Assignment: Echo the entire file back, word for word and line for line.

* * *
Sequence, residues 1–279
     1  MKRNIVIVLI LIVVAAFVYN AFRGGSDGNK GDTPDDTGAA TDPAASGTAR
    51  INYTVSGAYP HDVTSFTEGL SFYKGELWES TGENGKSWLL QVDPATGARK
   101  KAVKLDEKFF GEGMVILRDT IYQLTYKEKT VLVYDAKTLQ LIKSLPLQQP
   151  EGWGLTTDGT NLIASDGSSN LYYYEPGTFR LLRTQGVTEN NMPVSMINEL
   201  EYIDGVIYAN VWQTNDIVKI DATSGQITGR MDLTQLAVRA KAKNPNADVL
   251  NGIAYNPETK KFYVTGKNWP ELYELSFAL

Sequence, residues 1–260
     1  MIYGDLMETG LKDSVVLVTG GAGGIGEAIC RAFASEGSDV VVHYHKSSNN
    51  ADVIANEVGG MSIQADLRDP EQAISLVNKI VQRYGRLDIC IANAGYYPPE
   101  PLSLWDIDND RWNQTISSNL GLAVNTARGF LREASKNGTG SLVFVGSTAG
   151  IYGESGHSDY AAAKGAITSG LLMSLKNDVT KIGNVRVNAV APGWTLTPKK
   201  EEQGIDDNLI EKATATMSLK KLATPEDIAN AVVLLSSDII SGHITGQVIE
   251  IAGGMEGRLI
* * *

Sequence, residues 1–279
     1  MKRNIVIVLI LIVVAAFVYN AFRGGSDGNK GDTPDDTGAA TDPAASGTAR
    51  INYTVSGAYP HDVTSFTEGL SFYKGELWES TGENGKSWLL QVDPATGARK
   101  KAVKLDEKFF GEGMVILRDT IYQLTYKEKT VLVYDAKTLQ LIKSLPLQQP
   151  EGWGLTTDGT NLIASDGSSN LYYYEPGTFR LLRTQGVTEN NMPVSMINEL
   201  EYIDGVIYAN VWQTNDIVKI DATSGQITGR MDLTQLAVRA KAKNPNADVL
   251  NGIAYNPETK KFYVTGKNWP ELYELSFAL

Sequence, residues 1–260
     1  MIYGDLMETG LKDSVVLVTG GAGGIGEAIC RAFASEGSDV VVHYHKSSNN
    51  ADVIANEVGG MSIQADLRDP EQAISLVNKI VQRYGRLDIC IANAGYYPPE
   101  PLSLWDIDND RWNQTISSNL GLAVNTARGF LREASKNGTG SLVFVGSTAG
   151  IYGESGHSDY AAAKGAITSG LLMSLKNDVT KIGNVRVNAV APGWTLTPKK
   201  EEQGIDDNLI EKATATMSLK KLATPEDIAN AVVLLSSDII SGHITGQVIE
   251  IAGGMEGRLI